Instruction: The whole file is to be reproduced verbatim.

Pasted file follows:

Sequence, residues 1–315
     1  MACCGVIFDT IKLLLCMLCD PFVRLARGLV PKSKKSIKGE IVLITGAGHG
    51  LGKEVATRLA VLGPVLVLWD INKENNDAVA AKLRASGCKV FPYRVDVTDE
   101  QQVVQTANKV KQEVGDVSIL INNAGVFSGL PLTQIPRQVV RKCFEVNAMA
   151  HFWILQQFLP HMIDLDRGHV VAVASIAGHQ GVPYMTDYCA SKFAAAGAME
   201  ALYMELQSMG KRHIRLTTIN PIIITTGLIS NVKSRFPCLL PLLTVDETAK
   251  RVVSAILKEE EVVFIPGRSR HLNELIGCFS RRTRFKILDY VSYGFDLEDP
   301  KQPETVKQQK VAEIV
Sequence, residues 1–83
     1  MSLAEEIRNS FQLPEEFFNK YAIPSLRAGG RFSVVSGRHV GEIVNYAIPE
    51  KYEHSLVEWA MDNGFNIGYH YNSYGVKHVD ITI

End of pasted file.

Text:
Sequence, residues 1–315
     1  MACCGVIFDT IKLLLCMLCD PFVRLARGLV PKSKKSIKGE IVLITGAGHG
    51  LGKEVATRLA VLGPVLVLWD INKENNDAVA AKLRASGCKV FPYRVDVTDE
   101  QQVVQTANKV KQEVGDVSIL INNAGVFSGL PLTQIPRQVV RKCFEVNAMA
   151  HFWILQQFLP HMIDLDRGHV VAVASIAGHQ GVPYMTDYCA SKFAAAGAME
   201  ALYMELQSMG KRHIRLTTIN PIIITTGLIS NVKSRFPCLL PLLTVDETAK
   251  RVVSAILKEE EVVFIPGRSR HLNELIGCFS RRTRFKILDY VSYGFDLEDP
   301  KQPETVKQQK VAEIV
Sequence, residues 1–83
     1  MSLAEEIRNS FQLPEEFFNK YAIPSLRAGG RFSVVSGRHV GEIVNYAIPE
    51  KYEHSLVEWA MDNGFNIGYH YNSYGVKHVD ITI